Engine Owner, as set forth in the contract, demanded $2,200,000 for the loss of its loaner engines (Insurance Clause A) and Frank was contractually obligated to comply. XYZ Corp was left with only $4,800,000 in payment for the loss of its $7,000,000 aircraft. Frank assumed he could still get at least $2,200,000 for his engines that were in the shop. Unfortunately, he soon learned a hard lesson. When an insurance company pays a total loss they obtain title to the aircraft and any salvage that remains.

This is an excerpt from an actual insurance policy: “With respect to any partial loss or total loss the following shall apply:

1) The amount due under this policy shall not exceed the amount due where the loss payable was a total loss

2) Any salvage value remaining shall inure to the benefit of the Company and the Named Insured shall provide clear title thereto...”

As you can see, focusing solely on complying with the requirements in the loaner engine agreement without really understanding the policy language and ramifications of that language can be a mistake fraught with peril.

OWNED ENGINE COVERAGE

Let’s examine how to properly address this situation, making sure your engines are properly protected while they are removed from your aircraft and ensuring you’re properly covered while flying around on engines owned by a third party.

The first step is to examine the definition of ‘aircraft’ in the insurance policy. The following is another excerpt from an insurance policy: Aircraft – The aircraft described on the declaration page of your policy and any aircraft qualifying under the Special Insuring Agreements including the propulsion system and equipment usually installed in the aircraft, while temporarily removed from the aircraft and while removed from the aircraft until such time as replaced by a similar item has commenced; also tools and equipment which are designed specifically for the aircraft and which are ordinarily carried within.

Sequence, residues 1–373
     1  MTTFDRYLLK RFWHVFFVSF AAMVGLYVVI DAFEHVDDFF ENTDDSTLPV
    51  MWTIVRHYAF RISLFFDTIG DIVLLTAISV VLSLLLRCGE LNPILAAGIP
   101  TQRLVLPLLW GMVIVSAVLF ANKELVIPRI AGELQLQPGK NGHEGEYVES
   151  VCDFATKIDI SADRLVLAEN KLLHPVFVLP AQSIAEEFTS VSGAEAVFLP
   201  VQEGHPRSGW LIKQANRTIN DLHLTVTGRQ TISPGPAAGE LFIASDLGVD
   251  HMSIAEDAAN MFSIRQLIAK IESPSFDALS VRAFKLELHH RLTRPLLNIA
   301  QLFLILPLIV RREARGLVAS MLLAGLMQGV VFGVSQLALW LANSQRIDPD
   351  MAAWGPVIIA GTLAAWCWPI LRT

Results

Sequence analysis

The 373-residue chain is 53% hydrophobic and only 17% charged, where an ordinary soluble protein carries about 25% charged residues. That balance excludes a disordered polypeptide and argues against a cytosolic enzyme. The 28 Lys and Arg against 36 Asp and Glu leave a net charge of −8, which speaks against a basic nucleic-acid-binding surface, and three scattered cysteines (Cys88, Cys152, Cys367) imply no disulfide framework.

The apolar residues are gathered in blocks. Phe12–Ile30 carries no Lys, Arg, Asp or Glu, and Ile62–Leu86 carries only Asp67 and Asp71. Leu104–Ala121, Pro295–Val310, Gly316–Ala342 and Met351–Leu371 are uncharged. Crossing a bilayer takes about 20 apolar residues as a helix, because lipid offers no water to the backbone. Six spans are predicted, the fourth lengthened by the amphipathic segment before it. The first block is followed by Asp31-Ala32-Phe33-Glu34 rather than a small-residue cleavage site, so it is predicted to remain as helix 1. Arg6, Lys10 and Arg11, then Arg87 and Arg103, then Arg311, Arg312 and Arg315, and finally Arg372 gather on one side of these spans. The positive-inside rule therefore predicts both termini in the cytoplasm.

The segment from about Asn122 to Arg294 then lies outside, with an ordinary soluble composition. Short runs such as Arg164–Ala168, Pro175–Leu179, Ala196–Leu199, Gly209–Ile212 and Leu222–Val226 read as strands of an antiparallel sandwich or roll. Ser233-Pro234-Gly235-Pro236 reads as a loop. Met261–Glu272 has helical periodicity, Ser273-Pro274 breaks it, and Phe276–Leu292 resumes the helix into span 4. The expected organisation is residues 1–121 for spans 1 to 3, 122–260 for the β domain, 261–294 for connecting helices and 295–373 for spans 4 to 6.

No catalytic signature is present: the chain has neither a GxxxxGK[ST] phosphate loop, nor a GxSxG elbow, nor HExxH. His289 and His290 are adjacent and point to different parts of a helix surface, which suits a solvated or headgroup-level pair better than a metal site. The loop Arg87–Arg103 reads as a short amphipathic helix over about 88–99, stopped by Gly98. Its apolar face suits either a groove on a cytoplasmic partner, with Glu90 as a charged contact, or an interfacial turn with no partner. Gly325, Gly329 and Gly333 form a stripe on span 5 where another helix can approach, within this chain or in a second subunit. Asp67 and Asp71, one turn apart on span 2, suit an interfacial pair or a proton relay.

In our example, both engines where removed from the aircraft and replaced with loaner engines. As set forth in the definition of aircraft above, the moment the loaner engines are installed, the owned engines are no longer considered part of the aircraft. At that point they become spare parts by definition.

Many policies include a default limit of $500,000 for spare parts coverage which is often not enough to cover one turbine engine, let alone two. If XYZ Corp’s engines are somehow destroyed while they are removed from the aircraft, in transit or at the engine servicing facility, $500,000 in spare parts coverage is certainly not going to cut it.

The spare parts coverage limit obviously needs to be raised to cover the value of the owned engines. It is up to you to contact your insurance broker and discuss the replacement cost of your engines. Engine values can vary and the spare parts coverage will need to be amended accordingly. Many aircraft owners mistakenly believe the maintenance facility’s hangar-keeper’s Liability Policy will provide coverage for their engines and/or aircraft while in the shop’s care, custody, or control and therefore the cost of increasing spare parts coverage is a cost they can avoid.

Truth is, maybe the hangar-keeper’s theory will work and maybe not. Look at the typical definition of hangar-keeper’s Liability Coverage under a service facility’s policy:

“We will pay those sums that the Insured becomes legally obligated to pay as damages because of direct loss or damage, including loss of use, to an “aircraft” and parts of “aircraft”, which are someone else’s property and which are in the care, custody or control of the Insured, as bailee, for storage, repair, servicing, or safekeeping…”

In order for hangar-keeper’s Coverage to respond, the policyholder (repair facility) would have to be legally responsible for damage to your aircraft while it is in their care, custody or control. If the aircraft is damaged by an act of God, the repair shop will normally not be held legally liable and therefore its hangar-keeper’s coverage would not respond.